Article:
Longtime antiwar activist Reese Erlich passed away on April 6 after a long battle with cancer. He was 73.
Reese was most recently a bi-weekly columnist at a number of publications, including Antiwar.com. He wrote his last column two weeks ago saying goodbye to his friends and readers.
I met Reese in 1980 when we worked together in the Bay Area Mobilization Against Militarism and the Draft.
Reese was arrested in 1969 as part of the “Oakland Seven,” for organizing anti-draft demonstrations. His arrest and trial (resulting in his acquittal) are the subject of a documentary, Movement on Trial: The Oakland Seven.
Reese worked as a staff writer and research editor for Ramparts, a national investigative reporting magazine published in San Francisco. His magazine articles appeared in Vanity Fair online, San Francisco Magazine, California Monthly, Mother Jones, The Progressive, The Nation, and AARP’s Segunda Juventud.
Erlich’s book Target Iraq: What the News Media Didn’t Tell You, co-authored with Norman Solomon, became a best seller in 2003. His book The Iran Agenda: the Real Story of U.S. Policy and the Middle East Crisis was published in October 2007 with a foreword by Robert Scheer. In a San Francisco Chronicle book review, Ruth Rosen wrote, “Some people are treated as pariahs when they tell the truth; later, history lauds them for their courage and convictions. Reese Erlich is one of those truth tellers.”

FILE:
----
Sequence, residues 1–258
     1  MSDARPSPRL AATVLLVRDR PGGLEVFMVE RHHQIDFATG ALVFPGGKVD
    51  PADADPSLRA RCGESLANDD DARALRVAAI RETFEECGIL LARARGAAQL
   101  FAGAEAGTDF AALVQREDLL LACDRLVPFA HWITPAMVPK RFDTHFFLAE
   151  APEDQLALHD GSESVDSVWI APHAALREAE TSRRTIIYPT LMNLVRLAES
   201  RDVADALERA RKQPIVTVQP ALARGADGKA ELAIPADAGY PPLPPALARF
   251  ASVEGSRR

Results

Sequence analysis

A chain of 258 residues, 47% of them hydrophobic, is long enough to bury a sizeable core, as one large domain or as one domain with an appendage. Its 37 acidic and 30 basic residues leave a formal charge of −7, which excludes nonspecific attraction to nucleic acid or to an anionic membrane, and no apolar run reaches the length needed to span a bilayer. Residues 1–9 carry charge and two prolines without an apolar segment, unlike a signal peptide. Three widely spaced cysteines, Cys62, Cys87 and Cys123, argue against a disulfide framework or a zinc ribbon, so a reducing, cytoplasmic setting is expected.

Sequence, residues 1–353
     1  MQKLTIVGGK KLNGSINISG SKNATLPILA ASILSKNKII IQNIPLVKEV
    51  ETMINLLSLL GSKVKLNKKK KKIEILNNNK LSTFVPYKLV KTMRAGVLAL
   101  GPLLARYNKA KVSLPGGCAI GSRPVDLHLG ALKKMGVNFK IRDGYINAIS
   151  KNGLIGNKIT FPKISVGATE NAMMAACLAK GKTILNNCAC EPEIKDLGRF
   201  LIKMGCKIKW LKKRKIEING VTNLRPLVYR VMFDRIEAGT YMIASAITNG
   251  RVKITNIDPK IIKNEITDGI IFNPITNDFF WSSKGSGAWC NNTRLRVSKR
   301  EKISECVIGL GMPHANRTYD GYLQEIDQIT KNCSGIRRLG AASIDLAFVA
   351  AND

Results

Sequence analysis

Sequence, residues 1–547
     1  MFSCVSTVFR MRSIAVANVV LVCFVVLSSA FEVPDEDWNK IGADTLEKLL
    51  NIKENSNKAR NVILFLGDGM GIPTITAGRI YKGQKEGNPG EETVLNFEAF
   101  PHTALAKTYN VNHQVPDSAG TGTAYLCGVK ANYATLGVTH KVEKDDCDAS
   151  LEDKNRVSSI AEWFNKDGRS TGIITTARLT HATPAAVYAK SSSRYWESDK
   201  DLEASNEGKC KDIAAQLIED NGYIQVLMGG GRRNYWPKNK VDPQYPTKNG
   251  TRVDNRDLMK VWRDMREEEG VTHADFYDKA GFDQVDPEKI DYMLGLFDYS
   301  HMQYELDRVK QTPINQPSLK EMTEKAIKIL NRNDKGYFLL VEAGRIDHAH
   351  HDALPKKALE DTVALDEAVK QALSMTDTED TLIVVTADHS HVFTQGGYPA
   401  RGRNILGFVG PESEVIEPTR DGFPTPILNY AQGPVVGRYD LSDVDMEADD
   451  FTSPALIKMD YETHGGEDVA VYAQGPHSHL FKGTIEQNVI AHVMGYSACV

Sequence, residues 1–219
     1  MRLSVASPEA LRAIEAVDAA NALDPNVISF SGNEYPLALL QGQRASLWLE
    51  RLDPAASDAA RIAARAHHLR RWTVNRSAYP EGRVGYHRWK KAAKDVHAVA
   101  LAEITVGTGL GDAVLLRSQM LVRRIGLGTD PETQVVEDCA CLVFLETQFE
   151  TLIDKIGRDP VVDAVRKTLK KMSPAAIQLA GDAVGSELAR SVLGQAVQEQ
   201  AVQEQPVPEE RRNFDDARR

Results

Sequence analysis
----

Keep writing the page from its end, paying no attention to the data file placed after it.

Reese also published Dateline Havana: The Real Story of US Policy and the Future of Cuba in 2009, Inside Syria: the Backstory of Their Civil War and What the World Can Expect in 2014, and The Iran Agenda Today: the Real Story from Inside Iran and What’s Wrong with U.S. Policy in 2018.
Reese worked with Walter Cronkite on four public radio documentaries. Cronkite has written, “Reese Erlich is a great radio producer and a great friend.”
His passing is a great loss to the antiwar movement. He will be missed.
Reese Erlich, a prolific writer who brought a unique sensibility to the coverage of politics in the United States and throughout the world, including many years of contributions to The Progressive, died April 6 after a six-month battle with cancer. He was seventy-three
“Like so much in his life, Reese battled to the end,” said his son Jason in a message today to his father’s many friends and fans.
On March 26, The Progressive published what sadly proved to be Erlich’s last
Foreign Correspondent column, to which we gave the optimistically equivocal headline,
My Last Column? In this column, he described his grim prognosis due to Stage 4 prostate cancer and reflected on a career that spanned seven decades.
“I hope I’ve helped explain some complicated world issues you might not otherwise have understood,” he wrote. “I hope the activism earlier in my life and my writing and speeches later have helped bring about progressive change.”
Born and raised in Los Angeles, Erlich became involved as a student in the protests against the Vietnam War. In 1967, he and others organized a Stop the Draft Week, for which they were arrested, becoming known as the “Oakland Seven,” and ultimately acquitted of all charges.